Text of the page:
Z Score Chart

Z Score at x (Inner Numbers - Yellow)
vs.
Area Under Normal Curve
Between Mean (µ) and x  (Outer Numbers - Green)   MINUS EQUALS Answer: There is a 38% probability that Daily Sales will fall between 48 units and 53 units on any given day.

This same problem is solved in the Excel Statistical Master with only 1 Quick Excel formula (and not haveing to look up ANYTHING on a Z Chart). The Excel Statistical Master teaches you everything in step-by-step frameworks. You'll never have to memorize any complicated statisical theory.

Problem 3

Problem 3: Using the Normal Distribution to Determine the Lower 10% Limit of Delivery Times

A pizza deliveryman's delivery time is normally distributed with a mean of 20 minutes and a standard deviation of 4 minutes. What delivery time will be beaten by only 10% of all deliveries?

Problem Parameter Outline

Population Mean = µ = "mu" = 20 minute

Population Standard Deviation = σ = "sigma" = 4 minutes

x = ?

Probability that (delivery time ≤ x) = 10% = 0.10

Delivery time is Normally distributed

Normal curve is not standardized (µ ≠ 0, σ ≠ 1)

Problem Solving Steps

We know that Delivery Time data is Normally distributed and can therefore be mapped on the Normal curve.

We are trying to determine Delivery Time will be lower than 90% of all Delivery Times.

This probability corresponds to the x value at which 90% of area under the Normal curve has a greater value and is to the right this x value. This x value must therefore be in the left tail of the Normal curve.

If we know that 90% of the area under the Normal curve is to the right of this x value (this is illustrated in the graph below), then we know that 40% of the total area under the Normal curve is between this x value and the mean. The remaining 50% of the area under the Normal curve makes up the half the Normal curve that is on the opposite side (the right side) of the mean.

If we know that 40% of the area under the Normal curve is between this x value and the mean, we can use the Z Score Chart to determine how many standard deviations this x value is from the mean. The Z Score Chart below shows this x value to be 1.28 standard deviations from the mean.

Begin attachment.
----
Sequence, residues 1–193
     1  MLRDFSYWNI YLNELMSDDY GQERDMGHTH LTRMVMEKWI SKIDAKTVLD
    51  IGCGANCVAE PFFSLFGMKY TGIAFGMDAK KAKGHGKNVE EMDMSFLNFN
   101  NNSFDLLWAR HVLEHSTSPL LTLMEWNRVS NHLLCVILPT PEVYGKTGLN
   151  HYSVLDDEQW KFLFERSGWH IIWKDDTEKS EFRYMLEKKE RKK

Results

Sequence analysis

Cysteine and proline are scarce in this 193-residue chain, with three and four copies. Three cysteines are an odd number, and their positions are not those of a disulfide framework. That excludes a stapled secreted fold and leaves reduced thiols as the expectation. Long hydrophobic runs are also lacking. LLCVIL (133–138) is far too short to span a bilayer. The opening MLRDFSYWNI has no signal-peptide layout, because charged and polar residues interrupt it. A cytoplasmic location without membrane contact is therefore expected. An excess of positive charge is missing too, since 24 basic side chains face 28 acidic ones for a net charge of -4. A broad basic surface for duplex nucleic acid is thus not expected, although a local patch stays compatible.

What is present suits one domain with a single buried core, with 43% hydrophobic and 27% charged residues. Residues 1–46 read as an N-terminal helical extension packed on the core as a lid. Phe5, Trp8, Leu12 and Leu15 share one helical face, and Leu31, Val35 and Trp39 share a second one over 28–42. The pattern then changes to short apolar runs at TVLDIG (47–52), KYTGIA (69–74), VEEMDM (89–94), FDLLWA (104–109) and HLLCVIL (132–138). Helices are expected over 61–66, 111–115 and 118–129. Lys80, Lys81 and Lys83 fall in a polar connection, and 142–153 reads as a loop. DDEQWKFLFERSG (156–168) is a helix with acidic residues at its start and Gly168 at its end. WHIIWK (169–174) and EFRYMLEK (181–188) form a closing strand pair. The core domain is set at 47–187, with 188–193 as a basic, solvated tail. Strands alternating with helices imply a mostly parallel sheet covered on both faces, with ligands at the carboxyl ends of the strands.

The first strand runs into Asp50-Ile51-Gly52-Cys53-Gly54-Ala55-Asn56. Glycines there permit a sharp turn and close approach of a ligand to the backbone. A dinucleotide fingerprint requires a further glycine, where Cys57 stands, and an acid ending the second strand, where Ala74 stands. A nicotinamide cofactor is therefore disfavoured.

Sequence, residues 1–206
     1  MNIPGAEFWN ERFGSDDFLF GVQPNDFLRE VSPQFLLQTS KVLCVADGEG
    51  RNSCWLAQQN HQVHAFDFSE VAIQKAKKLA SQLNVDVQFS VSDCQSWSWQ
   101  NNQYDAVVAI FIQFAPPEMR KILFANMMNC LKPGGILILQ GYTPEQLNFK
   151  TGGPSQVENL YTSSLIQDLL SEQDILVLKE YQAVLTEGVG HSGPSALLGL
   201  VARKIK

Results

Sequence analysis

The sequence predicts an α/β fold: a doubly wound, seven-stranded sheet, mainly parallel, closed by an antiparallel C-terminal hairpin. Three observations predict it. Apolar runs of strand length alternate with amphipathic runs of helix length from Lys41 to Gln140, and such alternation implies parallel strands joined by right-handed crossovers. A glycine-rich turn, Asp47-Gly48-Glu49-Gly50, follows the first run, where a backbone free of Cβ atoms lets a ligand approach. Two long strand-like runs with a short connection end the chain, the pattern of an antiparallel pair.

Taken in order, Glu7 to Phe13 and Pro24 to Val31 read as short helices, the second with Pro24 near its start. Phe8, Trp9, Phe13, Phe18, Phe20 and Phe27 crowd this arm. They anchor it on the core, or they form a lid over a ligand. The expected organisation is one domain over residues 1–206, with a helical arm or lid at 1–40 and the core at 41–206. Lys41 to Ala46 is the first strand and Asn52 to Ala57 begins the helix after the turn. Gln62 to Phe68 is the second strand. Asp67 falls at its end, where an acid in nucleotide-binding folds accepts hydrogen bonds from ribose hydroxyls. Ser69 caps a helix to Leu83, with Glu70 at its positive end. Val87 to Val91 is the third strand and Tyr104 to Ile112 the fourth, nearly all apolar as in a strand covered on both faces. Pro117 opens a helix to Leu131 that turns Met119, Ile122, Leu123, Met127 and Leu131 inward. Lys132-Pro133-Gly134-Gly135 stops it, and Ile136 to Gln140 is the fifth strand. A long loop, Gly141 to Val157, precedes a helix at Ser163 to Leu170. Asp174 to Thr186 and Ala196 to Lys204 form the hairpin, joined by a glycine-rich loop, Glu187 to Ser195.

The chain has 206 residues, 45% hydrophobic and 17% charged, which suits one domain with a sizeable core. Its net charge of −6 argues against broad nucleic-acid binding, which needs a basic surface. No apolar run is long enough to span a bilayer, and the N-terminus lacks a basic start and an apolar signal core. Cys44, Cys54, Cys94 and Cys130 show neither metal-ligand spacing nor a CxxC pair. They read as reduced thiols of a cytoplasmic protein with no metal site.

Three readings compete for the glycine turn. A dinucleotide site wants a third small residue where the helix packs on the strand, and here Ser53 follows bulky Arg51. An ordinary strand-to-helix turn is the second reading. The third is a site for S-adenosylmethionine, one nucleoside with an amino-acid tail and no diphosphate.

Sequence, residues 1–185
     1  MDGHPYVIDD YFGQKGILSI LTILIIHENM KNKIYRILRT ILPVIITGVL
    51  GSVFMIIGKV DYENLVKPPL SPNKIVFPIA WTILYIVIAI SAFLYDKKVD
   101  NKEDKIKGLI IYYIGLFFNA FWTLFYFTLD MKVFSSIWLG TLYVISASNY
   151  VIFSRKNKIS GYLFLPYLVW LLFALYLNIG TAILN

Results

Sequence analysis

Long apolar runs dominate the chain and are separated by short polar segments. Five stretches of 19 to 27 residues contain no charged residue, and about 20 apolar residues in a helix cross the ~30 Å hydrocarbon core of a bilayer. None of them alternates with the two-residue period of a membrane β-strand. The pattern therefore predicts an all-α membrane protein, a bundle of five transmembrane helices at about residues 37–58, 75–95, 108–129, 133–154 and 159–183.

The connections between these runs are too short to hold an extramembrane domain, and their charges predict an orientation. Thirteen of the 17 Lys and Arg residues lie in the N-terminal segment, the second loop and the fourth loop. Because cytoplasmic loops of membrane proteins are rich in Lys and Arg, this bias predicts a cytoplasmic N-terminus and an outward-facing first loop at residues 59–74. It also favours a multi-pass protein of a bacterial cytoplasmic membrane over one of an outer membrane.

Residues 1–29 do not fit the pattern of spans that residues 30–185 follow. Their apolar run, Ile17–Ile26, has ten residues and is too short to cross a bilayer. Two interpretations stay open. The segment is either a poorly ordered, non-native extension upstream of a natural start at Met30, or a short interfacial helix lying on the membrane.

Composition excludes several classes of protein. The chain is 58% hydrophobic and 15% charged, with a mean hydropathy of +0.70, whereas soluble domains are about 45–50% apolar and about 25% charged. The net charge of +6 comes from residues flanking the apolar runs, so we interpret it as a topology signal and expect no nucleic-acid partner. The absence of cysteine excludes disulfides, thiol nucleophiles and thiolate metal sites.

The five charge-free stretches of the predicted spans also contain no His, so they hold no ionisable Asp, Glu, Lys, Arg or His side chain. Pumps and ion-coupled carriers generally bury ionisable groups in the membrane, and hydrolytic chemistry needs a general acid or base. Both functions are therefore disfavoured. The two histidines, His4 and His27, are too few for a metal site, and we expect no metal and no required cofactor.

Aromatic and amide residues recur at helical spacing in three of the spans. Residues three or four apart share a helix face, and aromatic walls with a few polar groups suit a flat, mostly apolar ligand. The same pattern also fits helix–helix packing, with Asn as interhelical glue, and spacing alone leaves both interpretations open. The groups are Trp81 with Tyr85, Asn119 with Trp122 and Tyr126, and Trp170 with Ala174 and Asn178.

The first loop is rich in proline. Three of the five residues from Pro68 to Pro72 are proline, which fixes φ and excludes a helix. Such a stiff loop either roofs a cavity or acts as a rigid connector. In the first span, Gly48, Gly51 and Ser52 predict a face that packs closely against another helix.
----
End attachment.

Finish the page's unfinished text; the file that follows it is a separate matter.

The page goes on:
If we know how many standard deviations this x value is from the mean, we can use the following formula to calculate the x value, as follows:

z = ( x - µ ) / σ

x = z * σ + µ

x =  (-1.28) * 4 + 20  =  14.87

The delivery time of 14.87 minutes is faster (smaller) than 90% of all delivery times. This is illustrated in the graph below.

Answer: The delivery time of 14.87 minutes is faster (smaller) than 90% of all delivery times.

Z Score Chart

Z Score at x (Inner Numbers - Yellow)
vs.
Area Under Normal Curve
Between Mean (µ) and x  (Outer Numbers - Green) Answer: The delivery time of 14.87 minutes is faster (smaller) than 90% of all delivery times. This same problem is solved in the Excel Statistical Master with only 1 Excel formula (and not having to look up anything on a Z Chart - that's something you'll never have to do again with Excel). With the Excel Statistical Master you can do advanced business statistics without having to buy and learn expensive, complicated statistical software packages such as SyStat, MiniTab, SPSS, or SAS.

Problem 4

Problem 4: Using the Normal Distribution to Determine the Lower 10% Limit of Sales Bonuses

Salespeople of a large sales force received an annual bonus based upon performance. The size of the bonuses was Normally distributed with a mean of \$40,000 and a standard deviation of \$5000. What size bonus is exceeded by 90% of all other bonuses?

Problem Parameter Outline

Population Mean = µ = "mu" = \$40,000

Population Standard Deviation = σ = "sigma" =  \$5,000

x = ?

Probability that (Bonus ≥ x) = 90% = 0.90

Bonus is Normally distributed

Normal curve is not standardized (µ ≠ 0, σ ≠ 1)

Problem Solving Steps

We know that Bonus data is Normally distributed and can therefore be mapped on the Normal curve.

We are trying to determine Bonus amount will be lower than 90% of all other Bonuses.